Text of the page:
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How Not Lose Your Soul And Still Be Successful“When you start your career, you might think you’re setting out to change the world. But the world is far more likely to change you. … One moment they’re young people: They have young people’s idealism and hope to live a meaningful life. The next they’re essentially old people, at work gaming ratings companies, designing securities to fail so they can make a killing off the investors they dupe into buying them, rigging various markets at the expense of the wider society …” How Not To Lose Your Soul: A Handy Guide for Young Bankers, Bloomberg Businessweek, Sep 29, 2014.

I had a friend in college who was studying to be a petroleum engineer. I was a computer science major and had been enthusiastically programming computers since I was in high school. I loved the potential and creativity in working with computers. I asked him what was the fun and exciting part about being a “PTE.” He looked at me quizzically and said “they have the biggest salaries.”

Not everyone enters higher education looking to change the world. Some do it for the same reasons many people are celebrated and raised up for: fame and fortune. That is the American dream to many people.

See also The “Straight A” Student And Project Success

The problem is that not everyone gets to be the CEO, the general, the billionaire. Some of us never get that high. Are we all failures then?

I recall a story of the Air Force officer who rose up to the highest rank one can attain in the Air Force: a four star general. However, the highest position one can attain in the Air Force is the Air Force Chief of Staff. The Air Force Chief of Staff is a four star general but he or she is the senior four star and is in charge of everyone else. The boss. The CEO.

The story goes that this individual was not chosen to be the next Chief of Staff and so had to retire. This general felt depressed and embarrassed. Not getting to that next (and last) rung, meant he had failed.

I feel I’ve been pretty successful in life (no, I didn’t achieve any of the highs above). But one will notice that there’s a lot of room below those most exalted positions. I also never had to compromise my ideals and resort to questionable practices to achieve personal success.

There is no doubt in my mind, unfortunately, that the height of my success (or at least position and recognition) was limited by the fact I wouldn’t participate in borderline ethical behavior. I’m also sure there are many people that never had to condone nor practice questionable behavior and they still far exceeded me. I just admit that I’m simply not as good as they were and wish them all the more success.

In my career I was able to attain some distinct achievements. I was able to do some things that no one else before me was able to do (typically delivering software intensive projects on time with such good quality that the test organizations freaked out). I personally believe that not giving in and doing “what everyone else was doing” was the central reason I was able to do this.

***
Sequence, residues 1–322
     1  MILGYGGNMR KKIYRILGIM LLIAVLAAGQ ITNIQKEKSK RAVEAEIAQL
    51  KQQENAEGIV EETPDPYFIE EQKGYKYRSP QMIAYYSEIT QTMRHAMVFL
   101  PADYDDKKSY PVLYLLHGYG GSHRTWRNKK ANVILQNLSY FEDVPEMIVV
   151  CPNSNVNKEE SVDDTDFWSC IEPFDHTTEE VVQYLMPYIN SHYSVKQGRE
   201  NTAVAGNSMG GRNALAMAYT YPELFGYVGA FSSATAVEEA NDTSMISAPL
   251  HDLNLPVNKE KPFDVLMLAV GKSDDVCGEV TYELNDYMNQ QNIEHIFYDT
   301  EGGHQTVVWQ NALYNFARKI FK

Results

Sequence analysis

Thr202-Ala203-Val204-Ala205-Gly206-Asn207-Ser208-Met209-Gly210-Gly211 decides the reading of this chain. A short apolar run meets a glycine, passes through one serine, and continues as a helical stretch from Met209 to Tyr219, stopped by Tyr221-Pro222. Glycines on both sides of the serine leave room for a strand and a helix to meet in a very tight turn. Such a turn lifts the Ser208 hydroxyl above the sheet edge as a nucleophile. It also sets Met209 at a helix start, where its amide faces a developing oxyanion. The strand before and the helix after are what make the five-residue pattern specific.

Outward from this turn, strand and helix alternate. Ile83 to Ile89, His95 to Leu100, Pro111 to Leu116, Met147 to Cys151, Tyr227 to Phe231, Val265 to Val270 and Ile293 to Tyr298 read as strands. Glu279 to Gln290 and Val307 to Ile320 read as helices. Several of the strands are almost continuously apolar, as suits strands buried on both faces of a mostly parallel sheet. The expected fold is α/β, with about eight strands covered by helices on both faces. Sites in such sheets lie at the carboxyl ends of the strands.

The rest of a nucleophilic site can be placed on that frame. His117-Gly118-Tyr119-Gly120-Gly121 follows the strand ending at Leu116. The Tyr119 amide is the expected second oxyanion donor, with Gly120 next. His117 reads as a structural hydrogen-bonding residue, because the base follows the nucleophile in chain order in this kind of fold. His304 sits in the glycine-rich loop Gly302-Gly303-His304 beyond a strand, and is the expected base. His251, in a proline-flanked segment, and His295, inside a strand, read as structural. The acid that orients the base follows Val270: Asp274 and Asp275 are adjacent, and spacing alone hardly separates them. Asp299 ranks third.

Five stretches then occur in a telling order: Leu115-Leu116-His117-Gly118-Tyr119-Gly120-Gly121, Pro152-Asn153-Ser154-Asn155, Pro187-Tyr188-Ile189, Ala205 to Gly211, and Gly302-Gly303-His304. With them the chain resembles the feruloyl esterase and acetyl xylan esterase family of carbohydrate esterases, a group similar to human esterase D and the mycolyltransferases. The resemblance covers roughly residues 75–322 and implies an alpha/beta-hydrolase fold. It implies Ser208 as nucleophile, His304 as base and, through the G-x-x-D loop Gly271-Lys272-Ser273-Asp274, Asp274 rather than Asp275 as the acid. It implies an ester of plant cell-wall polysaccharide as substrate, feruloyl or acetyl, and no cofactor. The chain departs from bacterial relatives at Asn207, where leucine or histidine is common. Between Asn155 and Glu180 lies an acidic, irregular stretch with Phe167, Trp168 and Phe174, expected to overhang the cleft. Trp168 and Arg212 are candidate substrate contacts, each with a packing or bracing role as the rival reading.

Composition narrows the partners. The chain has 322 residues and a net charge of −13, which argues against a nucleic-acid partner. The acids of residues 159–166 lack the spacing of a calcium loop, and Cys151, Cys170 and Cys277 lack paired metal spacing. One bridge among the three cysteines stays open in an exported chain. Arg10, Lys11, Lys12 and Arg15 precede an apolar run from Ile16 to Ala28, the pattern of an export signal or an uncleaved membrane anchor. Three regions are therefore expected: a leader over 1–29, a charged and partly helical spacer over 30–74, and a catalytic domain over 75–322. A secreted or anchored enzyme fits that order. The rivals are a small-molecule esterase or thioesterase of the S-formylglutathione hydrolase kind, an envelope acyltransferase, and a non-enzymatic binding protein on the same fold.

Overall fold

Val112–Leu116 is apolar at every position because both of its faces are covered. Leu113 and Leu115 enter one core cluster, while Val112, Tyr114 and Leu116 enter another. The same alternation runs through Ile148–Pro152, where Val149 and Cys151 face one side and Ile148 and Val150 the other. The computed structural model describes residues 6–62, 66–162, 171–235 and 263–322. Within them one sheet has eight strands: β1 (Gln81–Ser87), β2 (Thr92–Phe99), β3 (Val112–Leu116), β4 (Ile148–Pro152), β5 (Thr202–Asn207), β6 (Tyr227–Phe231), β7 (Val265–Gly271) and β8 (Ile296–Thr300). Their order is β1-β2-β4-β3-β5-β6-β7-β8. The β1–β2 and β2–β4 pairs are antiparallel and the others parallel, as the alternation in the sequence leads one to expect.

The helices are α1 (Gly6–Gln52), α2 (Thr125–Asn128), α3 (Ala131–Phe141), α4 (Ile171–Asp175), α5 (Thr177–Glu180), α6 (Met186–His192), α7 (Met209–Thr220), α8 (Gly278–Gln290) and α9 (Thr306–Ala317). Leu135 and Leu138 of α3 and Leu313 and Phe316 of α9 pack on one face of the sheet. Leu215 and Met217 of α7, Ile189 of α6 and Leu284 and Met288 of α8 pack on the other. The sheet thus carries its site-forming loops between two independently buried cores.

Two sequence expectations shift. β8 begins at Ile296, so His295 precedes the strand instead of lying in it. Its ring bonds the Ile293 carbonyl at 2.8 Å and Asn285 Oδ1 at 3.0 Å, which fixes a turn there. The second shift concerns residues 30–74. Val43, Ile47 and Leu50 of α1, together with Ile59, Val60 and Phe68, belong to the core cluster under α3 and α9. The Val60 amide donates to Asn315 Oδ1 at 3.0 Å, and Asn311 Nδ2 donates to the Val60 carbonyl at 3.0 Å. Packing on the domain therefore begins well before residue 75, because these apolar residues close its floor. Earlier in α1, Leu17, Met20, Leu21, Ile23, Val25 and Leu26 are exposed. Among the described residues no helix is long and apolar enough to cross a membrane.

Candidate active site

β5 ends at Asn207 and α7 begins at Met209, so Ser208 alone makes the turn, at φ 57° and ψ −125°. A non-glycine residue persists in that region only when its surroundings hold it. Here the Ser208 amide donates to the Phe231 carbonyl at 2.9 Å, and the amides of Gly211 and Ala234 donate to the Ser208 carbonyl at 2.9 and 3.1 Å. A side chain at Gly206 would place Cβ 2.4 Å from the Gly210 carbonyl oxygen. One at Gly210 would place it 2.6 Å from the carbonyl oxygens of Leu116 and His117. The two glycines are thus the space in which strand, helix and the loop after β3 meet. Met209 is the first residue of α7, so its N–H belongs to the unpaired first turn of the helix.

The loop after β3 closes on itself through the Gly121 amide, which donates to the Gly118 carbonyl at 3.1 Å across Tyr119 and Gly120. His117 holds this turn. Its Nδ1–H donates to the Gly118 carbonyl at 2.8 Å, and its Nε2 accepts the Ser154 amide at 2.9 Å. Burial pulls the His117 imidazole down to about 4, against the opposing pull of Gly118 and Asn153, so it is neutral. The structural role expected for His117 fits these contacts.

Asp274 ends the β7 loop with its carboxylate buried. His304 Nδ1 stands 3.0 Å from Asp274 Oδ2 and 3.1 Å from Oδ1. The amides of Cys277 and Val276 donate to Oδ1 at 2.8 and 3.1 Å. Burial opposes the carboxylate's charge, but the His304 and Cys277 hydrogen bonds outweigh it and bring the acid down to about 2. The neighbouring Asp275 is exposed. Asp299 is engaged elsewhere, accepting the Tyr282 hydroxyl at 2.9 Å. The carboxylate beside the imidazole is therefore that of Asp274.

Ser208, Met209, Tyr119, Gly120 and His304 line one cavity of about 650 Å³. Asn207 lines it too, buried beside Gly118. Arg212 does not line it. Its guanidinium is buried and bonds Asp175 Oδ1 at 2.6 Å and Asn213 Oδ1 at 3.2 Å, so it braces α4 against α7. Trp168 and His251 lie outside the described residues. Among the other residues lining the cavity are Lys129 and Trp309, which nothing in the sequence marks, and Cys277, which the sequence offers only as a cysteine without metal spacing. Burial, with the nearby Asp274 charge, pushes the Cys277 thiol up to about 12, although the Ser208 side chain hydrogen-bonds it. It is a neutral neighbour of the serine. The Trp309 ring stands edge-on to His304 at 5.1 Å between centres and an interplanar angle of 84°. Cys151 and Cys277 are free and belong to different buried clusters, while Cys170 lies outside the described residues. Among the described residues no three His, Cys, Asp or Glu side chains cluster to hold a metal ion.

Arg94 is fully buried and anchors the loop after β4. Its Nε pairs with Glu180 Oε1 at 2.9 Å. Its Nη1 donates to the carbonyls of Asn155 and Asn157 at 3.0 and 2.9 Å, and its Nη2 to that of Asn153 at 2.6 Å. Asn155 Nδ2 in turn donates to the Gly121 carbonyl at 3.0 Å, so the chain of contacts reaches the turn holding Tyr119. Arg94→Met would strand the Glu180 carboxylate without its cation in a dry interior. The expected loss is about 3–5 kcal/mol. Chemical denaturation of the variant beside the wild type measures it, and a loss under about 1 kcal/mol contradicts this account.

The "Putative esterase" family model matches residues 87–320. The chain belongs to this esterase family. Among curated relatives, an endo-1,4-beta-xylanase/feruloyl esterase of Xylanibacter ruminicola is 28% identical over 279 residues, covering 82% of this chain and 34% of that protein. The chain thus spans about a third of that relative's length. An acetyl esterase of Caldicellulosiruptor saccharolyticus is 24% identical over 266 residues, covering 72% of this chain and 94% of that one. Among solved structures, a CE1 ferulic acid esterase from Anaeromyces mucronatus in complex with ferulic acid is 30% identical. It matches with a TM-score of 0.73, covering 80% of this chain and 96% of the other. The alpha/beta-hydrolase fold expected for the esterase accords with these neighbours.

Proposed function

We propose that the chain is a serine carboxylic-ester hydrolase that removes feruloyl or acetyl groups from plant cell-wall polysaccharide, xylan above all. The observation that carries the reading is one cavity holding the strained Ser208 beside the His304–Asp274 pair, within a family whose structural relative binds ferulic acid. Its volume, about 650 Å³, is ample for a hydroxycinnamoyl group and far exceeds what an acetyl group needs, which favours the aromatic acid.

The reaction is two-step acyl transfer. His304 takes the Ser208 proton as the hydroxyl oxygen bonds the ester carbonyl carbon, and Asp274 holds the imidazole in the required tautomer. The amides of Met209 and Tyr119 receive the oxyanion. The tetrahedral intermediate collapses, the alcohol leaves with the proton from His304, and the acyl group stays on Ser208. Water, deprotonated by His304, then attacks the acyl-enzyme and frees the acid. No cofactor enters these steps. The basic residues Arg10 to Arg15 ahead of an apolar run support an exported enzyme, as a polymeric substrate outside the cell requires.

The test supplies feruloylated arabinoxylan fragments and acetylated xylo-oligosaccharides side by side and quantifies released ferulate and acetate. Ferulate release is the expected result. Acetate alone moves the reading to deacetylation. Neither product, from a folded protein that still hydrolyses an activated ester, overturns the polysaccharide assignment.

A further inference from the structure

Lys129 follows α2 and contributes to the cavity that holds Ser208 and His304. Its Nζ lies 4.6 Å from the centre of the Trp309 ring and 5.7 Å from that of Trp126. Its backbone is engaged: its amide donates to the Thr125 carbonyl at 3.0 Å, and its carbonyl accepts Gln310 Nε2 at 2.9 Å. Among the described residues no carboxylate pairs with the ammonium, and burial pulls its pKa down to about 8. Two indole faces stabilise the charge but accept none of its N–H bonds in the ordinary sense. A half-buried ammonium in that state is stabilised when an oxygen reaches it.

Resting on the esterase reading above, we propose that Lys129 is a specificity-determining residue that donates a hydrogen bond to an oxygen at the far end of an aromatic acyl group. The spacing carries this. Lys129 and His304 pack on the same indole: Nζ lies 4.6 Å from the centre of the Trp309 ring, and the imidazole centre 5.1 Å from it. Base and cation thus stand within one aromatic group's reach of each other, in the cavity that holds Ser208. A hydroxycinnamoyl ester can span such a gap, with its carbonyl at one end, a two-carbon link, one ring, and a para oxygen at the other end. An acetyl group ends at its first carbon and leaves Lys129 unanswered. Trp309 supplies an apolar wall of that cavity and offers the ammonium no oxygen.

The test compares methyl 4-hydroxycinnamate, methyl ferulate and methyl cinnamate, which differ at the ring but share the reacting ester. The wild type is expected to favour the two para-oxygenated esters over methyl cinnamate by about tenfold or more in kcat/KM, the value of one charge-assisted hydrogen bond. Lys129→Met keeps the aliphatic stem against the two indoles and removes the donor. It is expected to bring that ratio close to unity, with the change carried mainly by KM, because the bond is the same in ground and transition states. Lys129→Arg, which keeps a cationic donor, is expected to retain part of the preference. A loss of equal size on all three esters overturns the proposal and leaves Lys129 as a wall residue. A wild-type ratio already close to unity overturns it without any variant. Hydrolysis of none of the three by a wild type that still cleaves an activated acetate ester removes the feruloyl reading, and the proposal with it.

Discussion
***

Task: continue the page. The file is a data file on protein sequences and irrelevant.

Quite logically, if I gave in and did what everyone else was doing, I was logically going to get the same results that everyone else had achieved (e.g. late, buggy, costly, etc.). The dilemma was that these people would still go on and get promoted and move up in the organization in large part — it seemed — because they had at least failed in a conventional and typical manner while following the culturally encouraged practices.

“Worldly wisdom teaches that it is better for reputation to fail conventionally than to succeed unconventionally.” John Maynard Keynes in The General Theory of Employment, Interest, and Money

It is also the case that while I did what was often the unconventional (but otherwise logical) thing to do, not all my feedback was negative. In fact, I like to say that while half my bosses hated what I did, the other half loved what I did. Even those that hated what I did and often sought to get me to change during the midst of a project, ultimately they ended up — sometimes reluctantly — thanking me and asking me to stay with them when we finished (I generally moved on in those situations).

The key to all of this was I came to understand that I could “be myself” and still do just fine in life. I might not get all the fame and fortune I might if I took a different path, but I could at least do well and be able to look back with a sense of accomplishment beyond my own self enrichment.

How are you doing at achieving your goals while not losing your soul in the process?

Thank you for sharing!

5 thoughts on “How Not To Lose Your Soul And Still Be Successful

  1. Pingback: Don’t Be A Man
  2. Bruce Benson says:


    I don’t think we’ll be eaten by the greedy, as they tend to eat each other.

    Hope all is going well and regards,


  3. Steve Boynton says:

    Hi Bruce,

    I really like what you’ve written here. I feel the same. What is ‘success’, anyway?

    Though I am not the astronaut I thought I’d be when I was ten, I am doing better than most on this crazy planet. I feel that the one single thing most helpful to my success was my focusing on accomplishment rather than on being successful.

    Unfortunately, it appears we will both be eaten by the greedy, eventually, but I sleep well at night. 😉


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